can be equivalently represented by the vector

.

2.2 Protocol Schemes

A protocol scheme consists of a finite non-empty set of states and a set . If , we write and call it a transition.

Confugurations of a protocol scheme are given by populations. A population is a multiset on with at least two elements, i.e., . The set of all populations is denoted . Intuitively, a configuration describes a collection of identical finite-state agents with as set of states, containing agents in state .

Pairs of agents interact using transitions from . Formally, given two configurations and and a transition , we write if

(Recall that is the multiset consisting only of one occurrence of .) From the definition of interaction, it is easily seen that, inside the tuple , the ordering between and and between and is irrelevant. We write for a sequence of transitions if there exists a sequence of configurations satisfying . We also write if for some transition , and call an interaction. We say that is reachable from if for some (possibly empty) sequence of transitions.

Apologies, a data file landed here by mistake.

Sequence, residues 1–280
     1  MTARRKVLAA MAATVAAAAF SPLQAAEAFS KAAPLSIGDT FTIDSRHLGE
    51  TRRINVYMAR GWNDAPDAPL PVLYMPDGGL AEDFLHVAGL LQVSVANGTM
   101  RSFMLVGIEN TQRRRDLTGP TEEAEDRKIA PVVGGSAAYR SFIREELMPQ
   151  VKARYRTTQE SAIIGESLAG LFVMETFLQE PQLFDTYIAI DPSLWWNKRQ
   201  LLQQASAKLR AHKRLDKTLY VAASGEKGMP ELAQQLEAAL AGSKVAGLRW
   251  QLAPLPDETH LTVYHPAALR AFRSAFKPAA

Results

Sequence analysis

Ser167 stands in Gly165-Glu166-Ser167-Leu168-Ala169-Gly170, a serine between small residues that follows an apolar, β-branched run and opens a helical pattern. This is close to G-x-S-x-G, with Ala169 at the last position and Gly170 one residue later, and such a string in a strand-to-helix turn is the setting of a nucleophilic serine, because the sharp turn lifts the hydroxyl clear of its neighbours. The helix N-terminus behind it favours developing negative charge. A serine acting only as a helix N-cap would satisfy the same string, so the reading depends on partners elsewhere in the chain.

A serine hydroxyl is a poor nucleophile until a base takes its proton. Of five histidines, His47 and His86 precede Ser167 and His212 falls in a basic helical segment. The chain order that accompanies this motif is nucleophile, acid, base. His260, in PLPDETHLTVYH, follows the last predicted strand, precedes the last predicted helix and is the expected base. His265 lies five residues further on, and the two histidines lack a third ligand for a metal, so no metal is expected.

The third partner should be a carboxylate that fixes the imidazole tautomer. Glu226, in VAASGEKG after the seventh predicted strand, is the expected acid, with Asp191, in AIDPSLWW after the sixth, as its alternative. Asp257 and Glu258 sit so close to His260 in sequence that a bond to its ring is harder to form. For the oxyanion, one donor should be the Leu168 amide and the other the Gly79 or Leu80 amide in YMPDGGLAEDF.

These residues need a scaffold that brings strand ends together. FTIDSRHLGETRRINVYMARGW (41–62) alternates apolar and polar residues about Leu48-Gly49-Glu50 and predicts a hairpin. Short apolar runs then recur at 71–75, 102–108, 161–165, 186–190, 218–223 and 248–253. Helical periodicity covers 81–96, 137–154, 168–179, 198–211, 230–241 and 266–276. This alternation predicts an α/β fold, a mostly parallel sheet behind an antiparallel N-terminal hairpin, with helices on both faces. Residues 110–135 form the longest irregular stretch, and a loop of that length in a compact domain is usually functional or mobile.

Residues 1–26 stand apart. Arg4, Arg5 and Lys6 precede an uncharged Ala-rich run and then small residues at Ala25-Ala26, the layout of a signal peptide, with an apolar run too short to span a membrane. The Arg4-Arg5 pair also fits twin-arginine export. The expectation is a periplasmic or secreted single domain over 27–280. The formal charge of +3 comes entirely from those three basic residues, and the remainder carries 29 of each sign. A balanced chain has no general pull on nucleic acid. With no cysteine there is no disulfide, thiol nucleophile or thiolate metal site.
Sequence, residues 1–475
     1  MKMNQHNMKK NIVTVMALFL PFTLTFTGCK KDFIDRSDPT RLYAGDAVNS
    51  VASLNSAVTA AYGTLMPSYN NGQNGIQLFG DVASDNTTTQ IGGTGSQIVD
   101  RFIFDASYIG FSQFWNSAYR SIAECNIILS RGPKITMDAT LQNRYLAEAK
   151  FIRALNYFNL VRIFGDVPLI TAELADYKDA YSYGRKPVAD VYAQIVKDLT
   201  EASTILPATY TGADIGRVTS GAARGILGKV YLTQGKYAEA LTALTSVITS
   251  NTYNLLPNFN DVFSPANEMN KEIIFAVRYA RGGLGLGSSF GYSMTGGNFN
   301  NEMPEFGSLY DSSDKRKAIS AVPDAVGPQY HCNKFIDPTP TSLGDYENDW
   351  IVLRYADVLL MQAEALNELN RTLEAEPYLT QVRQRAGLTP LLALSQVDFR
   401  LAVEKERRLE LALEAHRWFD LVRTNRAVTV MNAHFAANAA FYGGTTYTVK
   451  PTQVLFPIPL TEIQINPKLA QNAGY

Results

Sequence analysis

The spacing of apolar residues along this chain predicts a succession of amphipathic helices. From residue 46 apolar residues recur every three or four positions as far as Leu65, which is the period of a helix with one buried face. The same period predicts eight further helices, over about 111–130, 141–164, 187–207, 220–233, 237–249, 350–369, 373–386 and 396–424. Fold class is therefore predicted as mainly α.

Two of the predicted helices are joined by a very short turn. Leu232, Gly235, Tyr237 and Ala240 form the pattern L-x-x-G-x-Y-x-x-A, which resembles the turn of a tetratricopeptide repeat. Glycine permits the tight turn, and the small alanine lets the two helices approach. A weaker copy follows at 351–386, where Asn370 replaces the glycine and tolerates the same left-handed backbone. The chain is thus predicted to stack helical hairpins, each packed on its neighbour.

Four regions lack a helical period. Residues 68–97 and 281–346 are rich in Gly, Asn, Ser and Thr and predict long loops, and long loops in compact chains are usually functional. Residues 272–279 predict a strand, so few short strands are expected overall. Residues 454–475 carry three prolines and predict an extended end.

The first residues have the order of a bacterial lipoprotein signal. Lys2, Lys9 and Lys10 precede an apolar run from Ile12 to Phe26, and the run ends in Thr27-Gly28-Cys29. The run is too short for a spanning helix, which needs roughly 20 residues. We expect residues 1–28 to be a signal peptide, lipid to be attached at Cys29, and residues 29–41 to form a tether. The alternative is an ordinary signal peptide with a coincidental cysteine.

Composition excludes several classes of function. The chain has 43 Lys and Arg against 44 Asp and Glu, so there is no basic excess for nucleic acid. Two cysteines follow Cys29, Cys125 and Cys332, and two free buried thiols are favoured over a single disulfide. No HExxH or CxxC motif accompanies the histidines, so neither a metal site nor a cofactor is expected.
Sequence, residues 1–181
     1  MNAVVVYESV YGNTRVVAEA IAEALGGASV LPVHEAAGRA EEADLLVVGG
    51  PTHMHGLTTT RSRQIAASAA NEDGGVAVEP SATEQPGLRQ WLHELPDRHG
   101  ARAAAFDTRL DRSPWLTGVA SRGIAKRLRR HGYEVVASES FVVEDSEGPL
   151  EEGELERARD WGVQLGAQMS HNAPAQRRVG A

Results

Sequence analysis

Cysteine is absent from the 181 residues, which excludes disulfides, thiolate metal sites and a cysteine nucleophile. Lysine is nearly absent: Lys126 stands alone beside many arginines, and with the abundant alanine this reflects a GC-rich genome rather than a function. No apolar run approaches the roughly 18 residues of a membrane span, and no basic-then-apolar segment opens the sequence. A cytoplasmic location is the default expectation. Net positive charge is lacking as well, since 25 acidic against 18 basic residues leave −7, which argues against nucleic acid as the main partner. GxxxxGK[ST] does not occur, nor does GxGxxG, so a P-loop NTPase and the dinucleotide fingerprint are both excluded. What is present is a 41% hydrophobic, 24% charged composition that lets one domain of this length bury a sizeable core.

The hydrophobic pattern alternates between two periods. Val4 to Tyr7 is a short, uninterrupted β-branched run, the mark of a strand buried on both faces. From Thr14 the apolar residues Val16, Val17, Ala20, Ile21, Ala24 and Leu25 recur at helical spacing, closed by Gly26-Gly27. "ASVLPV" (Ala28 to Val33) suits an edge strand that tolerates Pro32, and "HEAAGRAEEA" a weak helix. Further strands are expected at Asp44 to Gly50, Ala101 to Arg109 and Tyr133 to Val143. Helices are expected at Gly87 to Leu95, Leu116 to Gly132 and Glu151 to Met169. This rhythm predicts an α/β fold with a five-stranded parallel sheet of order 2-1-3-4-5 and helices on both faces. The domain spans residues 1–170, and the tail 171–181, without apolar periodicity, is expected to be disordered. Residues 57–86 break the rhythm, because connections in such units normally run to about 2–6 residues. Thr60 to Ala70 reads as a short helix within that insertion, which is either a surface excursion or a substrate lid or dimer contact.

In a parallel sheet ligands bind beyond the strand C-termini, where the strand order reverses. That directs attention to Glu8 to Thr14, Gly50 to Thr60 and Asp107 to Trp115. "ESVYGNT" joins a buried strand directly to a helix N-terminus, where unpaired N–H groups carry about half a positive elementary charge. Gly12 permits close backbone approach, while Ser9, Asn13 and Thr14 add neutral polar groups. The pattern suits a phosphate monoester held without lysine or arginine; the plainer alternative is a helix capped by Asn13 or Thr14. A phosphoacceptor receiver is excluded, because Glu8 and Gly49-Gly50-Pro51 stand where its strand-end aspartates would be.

Note that transitions are enabled only when there are at least two agents. This is why we assume that populations have at least two elements.

An execution of is a finite or infinite sequence of configurations such that for each . An execution is fair if it is finite and cannot be extended, or it is infinite and for every step , if for infinitely many indices , then and for infinitely many indices [2, 3]. Informally, if appears infinitely often in a fair execution, then every step enabled at is taken infinitely often in the execution.

Given a set of configurations and a transition of a protocol scheme , we define:

  • and .

  • ; for every ; and .

We also define . The sets and are defined as above for .

2.2.1 Immediate Observation Protocol Schemes